It is vital to ensure that all documents prepared to the give effect to testamentary intentions (for examples, Wills, codicils, death benefit nominations) are valid and effective.  Any invalidity, could, and in all likelihood will, lead to the Will maker’s intentions miscarrying with possibly dire outcomes for those persons who the Will maker intended to benefit.

The reasoning of the court in drawing out the ‘distinguishing factor’ from the authorities, namely, whether there is a legal entitlement to the object of the nomination and whether the nomination is binding when it is made is telling.  It demonstrates that whether a BDBN or other nomination will be considered ‘testamentary’ is highly dependent upon the terms of the Fund itself. 

Should you require advice in relation to your own superannuation and testamentary arrangements, please do not hesitate to contact James Steedman, Lorraine Madden or Andrew Sutton.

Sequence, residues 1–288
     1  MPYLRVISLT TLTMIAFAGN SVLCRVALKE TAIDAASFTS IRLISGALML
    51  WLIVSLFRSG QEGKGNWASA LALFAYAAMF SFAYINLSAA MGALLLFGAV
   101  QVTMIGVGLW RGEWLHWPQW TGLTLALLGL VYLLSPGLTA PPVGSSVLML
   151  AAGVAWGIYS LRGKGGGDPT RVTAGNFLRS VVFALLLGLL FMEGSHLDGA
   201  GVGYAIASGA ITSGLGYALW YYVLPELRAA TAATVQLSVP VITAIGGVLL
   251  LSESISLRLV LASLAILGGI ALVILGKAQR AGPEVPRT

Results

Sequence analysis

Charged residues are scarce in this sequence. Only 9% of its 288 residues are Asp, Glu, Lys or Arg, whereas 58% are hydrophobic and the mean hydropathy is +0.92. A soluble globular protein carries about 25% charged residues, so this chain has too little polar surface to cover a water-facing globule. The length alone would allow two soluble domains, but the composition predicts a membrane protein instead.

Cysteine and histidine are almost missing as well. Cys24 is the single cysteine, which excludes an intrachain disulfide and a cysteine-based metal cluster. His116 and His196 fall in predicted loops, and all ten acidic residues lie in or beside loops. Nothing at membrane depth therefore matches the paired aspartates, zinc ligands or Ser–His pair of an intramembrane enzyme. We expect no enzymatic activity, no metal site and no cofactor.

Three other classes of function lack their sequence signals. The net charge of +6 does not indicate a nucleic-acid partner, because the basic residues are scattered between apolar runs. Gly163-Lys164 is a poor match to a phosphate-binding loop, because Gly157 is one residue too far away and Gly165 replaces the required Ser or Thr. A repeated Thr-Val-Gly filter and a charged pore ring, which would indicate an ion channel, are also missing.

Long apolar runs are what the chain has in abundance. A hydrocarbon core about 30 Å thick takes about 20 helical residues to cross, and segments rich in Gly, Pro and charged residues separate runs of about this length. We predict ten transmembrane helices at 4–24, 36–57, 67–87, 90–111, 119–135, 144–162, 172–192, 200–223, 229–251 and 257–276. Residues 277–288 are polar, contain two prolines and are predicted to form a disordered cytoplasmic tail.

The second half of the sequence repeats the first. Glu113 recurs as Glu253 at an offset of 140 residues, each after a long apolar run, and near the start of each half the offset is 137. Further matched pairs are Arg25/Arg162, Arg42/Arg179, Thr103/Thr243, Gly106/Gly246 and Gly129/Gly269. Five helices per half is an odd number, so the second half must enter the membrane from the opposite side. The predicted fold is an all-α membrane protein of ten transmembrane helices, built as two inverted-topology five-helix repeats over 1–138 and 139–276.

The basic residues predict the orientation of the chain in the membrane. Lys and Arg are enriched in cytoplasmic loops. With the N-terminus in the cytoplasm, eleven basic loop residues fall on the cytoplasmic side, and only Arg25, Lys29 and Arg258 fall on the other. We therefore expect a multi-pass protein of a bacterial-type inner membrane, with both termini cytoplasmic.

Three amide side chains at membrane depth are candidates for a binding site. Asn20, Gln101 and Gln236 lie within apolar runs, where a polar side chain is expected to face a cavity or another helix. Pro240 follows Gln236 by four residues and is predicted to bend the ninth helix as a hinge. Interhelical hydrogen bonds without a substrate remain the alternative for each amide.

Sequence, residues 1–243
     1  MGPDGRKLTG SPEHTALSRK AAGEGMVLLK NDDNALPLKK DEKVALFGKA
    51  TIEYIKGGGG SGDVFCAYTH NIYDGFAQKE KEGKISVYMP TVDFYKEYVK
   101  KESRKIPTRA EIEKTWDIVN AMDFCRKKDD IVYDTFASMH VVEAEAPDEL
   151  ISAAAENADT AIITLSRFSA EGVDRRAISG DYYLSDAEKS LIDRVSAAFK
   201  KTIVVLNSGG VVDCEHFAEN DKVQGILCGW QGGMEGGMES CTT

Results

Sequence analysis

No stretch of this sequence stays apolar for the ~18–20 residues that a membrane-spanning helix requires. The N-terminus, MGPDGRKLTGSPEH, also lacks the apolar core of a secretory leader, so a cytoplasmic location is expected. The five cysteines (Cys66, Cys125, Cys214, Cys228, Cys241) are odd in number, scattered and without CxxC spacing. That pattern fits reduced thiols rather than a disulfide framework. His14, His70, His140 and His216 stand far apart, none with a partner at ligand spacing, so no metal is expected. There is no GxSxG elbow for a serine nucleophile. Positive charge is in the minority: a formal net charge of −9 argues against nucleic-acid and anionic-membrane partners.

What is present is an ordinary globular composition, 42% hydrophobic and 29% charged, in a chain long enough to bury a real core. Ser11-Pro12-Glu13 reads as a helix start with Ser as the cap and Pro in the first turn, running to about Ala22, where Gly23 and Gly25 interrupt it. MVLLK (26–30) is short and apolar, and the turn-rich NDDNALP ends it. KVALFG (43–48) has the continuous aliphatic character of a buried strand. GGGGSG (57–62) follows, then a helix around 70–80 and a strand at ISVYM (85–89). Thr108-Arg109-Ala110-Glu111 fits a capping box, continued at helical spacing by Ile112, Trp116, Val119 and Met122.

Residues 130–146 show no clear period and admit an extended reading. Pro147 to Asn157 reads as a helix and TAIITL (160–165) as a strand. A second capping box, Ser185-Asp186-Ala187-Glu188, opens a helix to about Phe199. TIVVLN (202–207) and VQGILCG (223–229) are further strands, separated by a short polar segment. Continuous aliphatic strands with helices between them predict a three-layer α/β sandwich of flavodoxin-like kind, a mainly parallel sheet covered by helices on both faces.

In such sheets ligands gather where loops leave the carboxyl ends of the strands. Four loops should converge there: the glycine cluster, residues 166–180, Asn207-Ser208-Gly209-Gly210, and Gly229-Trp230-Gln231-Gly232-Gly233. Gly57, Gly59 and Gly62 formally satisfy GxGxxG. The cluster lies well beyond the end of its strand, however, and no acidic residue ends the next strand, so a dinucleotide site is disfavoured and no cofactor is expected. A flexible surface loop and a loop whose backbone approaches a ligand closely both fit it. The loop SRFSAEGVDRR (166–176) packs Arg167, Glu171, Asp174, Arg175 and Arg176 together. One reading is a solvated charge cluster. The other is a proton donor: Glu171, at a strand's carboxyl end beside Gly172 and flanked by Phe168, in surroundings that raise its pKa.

AUTHOR
James Steedman
Partner
AUTHOR
Lorraine Madden
Special Counsel
AUTHOR
Andrew Sutton
Associate
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FOOTNOTES

[1] Australian Law Reform Commission, Elder Abuse – A National Legal Response, ALRC Report 131 (2017) [7.32]

[2] SM [2019] WASAT 22 [51]. See also Australian Law Reform Commission, Elder Abuse – A National Legal Response, ALRC Report 131 (2017) 7.19

[3] SM [2019] WASAT 22 [20]

[4] Ibid [36]

[5] Ibid [1]

[6] Ibid [2]

[7] Ibid [3]

[8] Ibid [4]

[9] Ibid [6]

[10] Ibid [8]

[11] Ibid [11] [14]

[12] Ibid [92], [108]

[13] Ibid [108]

[14] Ibid [108]

[15] Ibid [89]

[16] Ibid [88]

[17] Ibid [91]

[18] Ibid [93]

[19] Ibid [108]

[20] Ibid [97]

[21] Ibid [98-99]

[22] Re Narumon Pty Ltd [2018] QSC 185

[23]SM [2019] WASAT 22 [94]

[24] Re Application by Police Association of South Australia [2008] SASC 299; (2008) 102 SASR 215

[25] McFadden v Public Trustee for Victoria (1981) 1 NSWLR 15. See also [94]

[26] Ibid [95]

[27] SM [2019] WASAT 22 [81] quoting McFadden v Public Trustee for Victoria (1981) 1 NSWLR 15 at [32]

[28] SM [2019] WASAT 22 [81]

[29] Ibid [83]

[30] Ibid [104]

[31] Ibid [100]

[32] Ibid [101]

[33] Ibid [102]

[34] Ibid [103]

[35] Ibid [108]

[36] Ibid [105-106]

[37] Ibid [108]